Vol. 2, No. 3, Summer 1997
- Housing and House Furnishings
. . . . . Barriers to Homeowners for Minorities and Immigrants
- Apparel and Textiles
. . . . . New Care Label Symbols
Housing and House Furnishings
Barriers to Homeowners for Minorities and Immigrants
New research sponsored by the U.S. Department of Housing and Urban Development and Fannie Mae has found that minorities and immigrants are likely to face little-understood barriers to homeownership. The March 1997 issue of Cityscape presents what may be the first ethnographic studies on the social and cultural forces that shape the home-purchase decisions of minority and immigrant households. (A copy of this issue of Cityscape can be found at http://www.huduser.org/ or you can purchase a copy for $5.00 from HUD USER).
Ratner summarizes the major constraints facing minorities and immigrants in pursuing homeownership:
- A lack of appropriate, affordable housing is an underlying problem that cannot be countered by making financing criteria more lenient when housing prices are truly out of reach.
- Limitations of existing finance tools include the rigid standardization in national underwriting criteria that prevent lenders from applying their knowledge about local markets and the lack of finance mechanisms for homes in need of rehabilitation.
- Cultural gaps, biases, and misunderstandings can inhibit the home buying process by distancing potential home buyers form real estate agents and lenders.
- Lack of home-purchasing knowledge and credit judgment is also a common problem for immigrants and minorities.
Despite such barriers, the immigrants and minorities in the four studies are often able to attain homeownership by looking beyond the conventional mortgage finance system.
Researcher Kate Porter Young describes the ways African Americans and low-income whites in two rural communities on the coast of South Carolina have traditionally become homeowners. Instead of financing their homes through mortgage lending, they often build on large plots of family-owned land, with labor and materials donated by family and friends or they buy a manufactured home.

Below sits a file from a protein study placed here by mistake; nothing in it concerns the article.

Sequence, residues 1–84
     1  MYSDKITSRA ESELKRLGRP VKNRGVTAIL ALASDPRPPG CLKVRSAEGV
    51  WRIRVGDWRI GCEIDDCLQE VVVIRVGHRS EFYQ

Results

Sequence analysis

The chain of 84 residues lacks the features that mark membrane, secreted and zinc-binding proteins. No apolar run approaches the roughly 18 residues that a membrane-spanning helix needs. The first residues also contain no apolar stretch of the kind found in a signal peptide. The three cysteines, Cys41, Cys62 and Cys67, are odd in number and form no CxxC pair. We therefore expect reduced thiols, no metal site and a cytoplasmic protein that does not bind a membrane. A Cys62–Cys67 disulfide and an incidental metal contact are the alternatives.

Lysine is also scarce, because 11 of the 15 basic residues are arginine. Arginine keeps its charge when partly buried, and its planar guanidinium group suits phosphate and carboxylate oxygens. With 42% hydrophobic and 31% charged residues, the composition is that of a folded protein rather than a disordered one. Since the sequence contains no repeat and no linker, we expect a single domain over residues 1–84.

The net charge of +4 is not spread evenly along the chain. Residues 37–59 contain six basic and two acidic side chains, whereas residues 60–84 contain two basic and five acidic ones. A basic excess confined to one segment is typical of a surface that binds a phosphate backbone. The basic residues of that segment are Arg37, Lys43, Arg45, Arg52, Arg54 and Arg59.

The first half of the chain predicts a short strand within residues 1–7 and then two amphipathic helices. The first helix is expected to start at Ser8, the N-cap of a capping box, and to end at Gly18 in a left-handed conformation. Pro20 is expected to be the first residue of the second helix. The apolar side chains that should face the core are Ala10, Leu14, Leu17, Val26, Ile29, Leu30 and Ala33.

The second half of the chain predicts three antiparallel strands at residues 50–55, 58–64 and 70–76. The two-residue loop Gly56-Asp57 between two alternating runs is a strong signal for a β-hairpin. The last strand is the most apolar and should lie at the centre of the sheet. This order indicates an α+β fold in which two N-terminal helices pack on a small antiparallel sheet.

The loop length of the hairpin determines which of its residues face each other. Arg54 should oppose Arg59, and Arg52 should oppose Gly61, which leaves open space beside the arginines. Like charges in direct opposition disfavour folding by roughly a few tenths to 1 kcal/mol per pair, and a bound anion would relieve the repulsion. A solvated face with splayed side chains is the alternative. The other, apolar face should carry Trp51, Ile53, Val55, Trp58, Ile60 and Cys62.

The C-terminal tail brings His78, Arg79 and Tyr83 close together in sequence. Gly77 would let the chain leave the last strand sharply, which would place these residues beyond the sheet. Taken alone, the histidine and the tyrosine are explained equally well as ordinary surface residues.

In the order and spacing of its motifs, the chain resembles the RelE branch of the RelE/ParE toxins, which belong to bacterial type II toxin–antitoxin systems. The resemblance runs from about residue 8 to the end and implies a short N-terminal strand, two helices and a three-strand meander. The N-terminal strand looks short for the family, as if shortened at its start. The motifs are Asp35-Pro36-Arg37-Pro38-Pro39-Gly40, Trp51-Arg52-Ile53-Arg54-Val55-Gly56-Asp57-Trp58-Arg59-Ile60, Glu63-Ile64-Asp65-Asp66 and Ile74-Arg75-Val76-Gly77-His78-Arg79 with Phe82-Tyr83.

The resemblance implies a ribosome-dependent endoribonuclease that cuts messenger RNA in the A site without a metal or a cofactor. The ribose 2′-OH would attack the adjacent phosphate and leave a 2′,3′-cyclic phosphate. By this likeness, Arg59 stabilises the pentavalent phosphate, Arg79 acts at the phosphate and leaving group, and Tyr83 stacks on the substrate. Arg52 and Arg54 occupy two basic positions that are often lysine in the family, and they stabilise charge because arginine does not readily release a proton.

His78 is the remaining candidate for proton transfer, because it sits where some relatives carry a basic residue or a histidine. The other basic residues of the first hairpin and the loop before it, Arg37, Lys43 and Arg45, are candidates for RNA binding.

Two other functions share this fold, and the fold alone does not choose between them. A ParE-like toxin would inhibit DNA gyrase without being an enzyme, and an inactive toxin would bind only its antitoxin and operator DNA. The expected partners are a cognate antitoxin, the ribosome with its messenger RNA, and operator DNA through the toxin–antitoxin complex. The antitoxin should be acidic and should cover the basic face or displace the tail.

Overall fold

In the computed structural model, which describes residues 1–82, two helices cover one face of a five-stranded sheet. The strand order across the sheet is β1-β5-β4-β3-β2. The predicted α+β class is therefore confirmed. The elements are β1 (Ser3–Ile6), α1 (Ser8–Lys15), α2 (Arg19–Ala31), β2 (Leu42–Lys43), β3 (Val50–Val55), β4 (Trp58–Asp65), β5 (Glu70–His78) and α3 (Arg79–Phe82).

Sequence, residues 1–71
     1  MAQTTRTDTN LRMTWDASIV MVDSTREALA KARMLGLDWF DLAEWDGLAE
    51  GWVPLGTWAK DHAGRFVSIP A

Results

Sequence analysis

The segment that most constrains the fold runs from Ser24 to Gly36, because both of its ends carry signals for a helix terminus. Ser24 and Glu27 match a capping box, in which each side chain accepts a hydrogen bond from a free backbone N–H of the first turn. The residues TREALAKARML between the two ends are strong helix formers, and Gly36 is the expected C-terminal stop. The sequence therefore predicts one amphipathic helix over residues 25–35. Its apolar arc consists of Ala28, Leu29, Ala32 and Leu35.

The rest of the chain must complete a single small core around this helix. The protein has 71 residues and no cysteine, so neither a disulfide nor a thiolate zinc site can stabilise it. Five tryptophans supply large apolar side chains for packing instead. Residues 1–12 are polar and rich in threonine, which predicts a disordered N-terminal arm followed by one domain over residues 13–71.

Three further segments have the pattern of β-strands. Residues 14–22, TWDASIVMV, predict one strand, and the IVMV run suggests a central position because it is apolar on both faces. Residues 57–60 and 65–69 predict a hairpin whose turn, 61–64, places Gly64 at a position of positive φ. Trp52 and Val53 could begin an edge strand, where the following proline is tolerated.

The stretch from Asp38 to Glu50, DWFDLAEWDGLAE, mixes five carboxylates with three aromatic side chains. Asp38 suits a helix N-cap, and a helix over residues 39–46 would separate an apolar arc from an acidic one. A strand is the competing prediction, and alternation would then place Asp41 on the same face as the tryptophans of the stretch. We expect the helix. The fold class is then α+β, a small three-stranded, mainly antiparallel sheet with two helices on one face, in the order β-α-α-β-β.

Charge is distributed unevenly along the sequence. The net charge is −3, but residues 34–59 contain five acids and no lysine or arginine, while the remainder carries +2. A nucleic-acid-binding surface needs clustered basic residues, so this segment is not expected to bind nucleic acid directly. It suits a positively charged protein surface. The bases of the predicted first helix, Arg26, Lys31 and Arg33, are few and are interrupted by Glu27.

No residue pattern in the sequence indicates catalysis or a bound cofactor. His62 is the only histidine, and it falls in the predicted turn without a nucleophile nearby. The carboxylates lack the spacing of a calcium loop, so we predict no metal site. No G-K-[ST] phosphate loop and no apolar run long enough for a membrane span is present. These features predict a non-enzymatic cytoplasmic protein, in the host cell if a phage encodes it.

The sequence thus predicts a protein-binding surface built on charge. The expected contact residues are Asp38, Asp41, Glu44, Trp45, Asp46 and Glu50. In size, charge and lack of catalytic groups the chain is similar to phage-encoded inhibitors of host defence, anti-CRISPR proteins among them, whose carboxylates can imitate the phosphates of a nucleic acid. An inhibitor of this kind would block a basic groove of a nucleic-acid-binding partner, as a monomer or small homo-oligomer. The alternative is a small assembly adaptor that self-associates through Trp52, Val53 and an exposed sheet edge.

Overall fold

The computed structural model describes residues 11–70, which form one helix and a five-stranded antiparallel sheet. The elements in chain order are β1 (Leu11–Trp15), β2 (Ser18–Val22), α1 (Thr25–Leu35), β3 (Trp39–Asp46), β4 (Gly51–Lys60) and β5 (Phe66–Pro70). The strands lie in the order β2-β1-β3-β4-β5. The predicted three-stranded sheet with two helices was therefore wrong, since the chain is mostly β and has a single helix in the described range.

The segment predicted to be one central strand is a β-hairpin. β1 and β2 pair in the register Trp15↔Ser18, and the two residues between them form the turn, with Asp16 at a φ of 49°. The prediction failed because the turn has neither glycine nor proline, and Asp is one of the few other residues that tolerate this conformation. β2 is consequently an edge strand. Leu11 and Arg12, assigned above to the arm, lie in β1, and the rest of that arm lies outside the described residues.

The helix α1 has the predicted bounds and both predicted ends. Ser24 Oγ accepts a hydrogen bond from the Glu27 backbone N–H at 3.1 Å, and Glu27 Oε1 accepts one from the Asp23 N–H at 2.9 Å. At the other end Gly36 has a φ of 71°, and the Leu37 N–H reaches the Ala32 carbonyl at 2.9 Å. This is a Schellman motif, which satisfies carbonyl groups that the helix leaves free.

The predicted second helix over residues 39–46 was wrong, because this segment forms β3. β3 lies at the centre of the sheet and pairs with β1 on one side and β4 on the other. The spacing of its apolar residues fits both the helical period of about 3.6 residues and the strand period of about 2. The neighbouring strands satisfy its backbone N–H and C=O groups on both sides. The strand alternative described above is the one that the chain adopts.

Among African Americans in Syracuse, New York, a city with a relatively affordable housing market, Susan Hamilton and Stephen J.H. Cogswell found that only one-quarter of African Americans are homeowners. More than one-half of the surveyed homeowners had purchased a house at auction or through other nontraditional methods.
Susan A. Cheney and Charles C. Cheney show how differing economic and cultural backgrounds influence the home buying patterns of two immigrant groups -- those from India and those from Spanish-speaking countries -- in the expensive housing market of Montgomery County, Maryland. The researchers found that Indian families were using resources from their relatives in India to finance home purchases, while Hispanic families were sending funds back to their countries of origin. However, both Indians and Hispanics were unfamiliar with the credit transactions so pervasive in the U.S. economy. Hispanics particularly had trouble documenting their incomes and credit histories.
Stephen Johnston, Morisna Katimin, and William Milczarski studied immigrants from South Korea and the Dominican Republic in Queens, New York, another expensive housing market.
Contributed by: Dr. Sarah D. Kirby, Housing Specialist.
Apparel and Textiles
New Care Label Symbols
A New Wrinkle . . .
If you'll pardon the pitiful pun--there is a new wrinkle these days in the laundering and clothing care arena. Beginning July 1, l997, manufacturers may use care labels with care symbols to specify safe cleaning methods, rather than written instructions. These symbols will become standard in countries participating in NAFTA, the North American Free Trade Agreement. For the first year, labels will include both words and symbols.
You may be seeing the new care symbols on apparel labels in retail stores now. As the symbols are implemented, laundering instructions will include four symbols; washing, bleaching, drying and ironing. Drycleaning instructions will include one symbol. The chart below, by The Clorox Company, illustrates examples of the new care symbols.
Are the dots a dilemma? Just remember, the more dots, the higher the temperature.
What about the lines? The more lines, the gentler the treatment needed.
Source: The Clorox Company
Submitted by: Judieth E. Mock and Ellen T. Miller, Apparel and Textiles Specialists.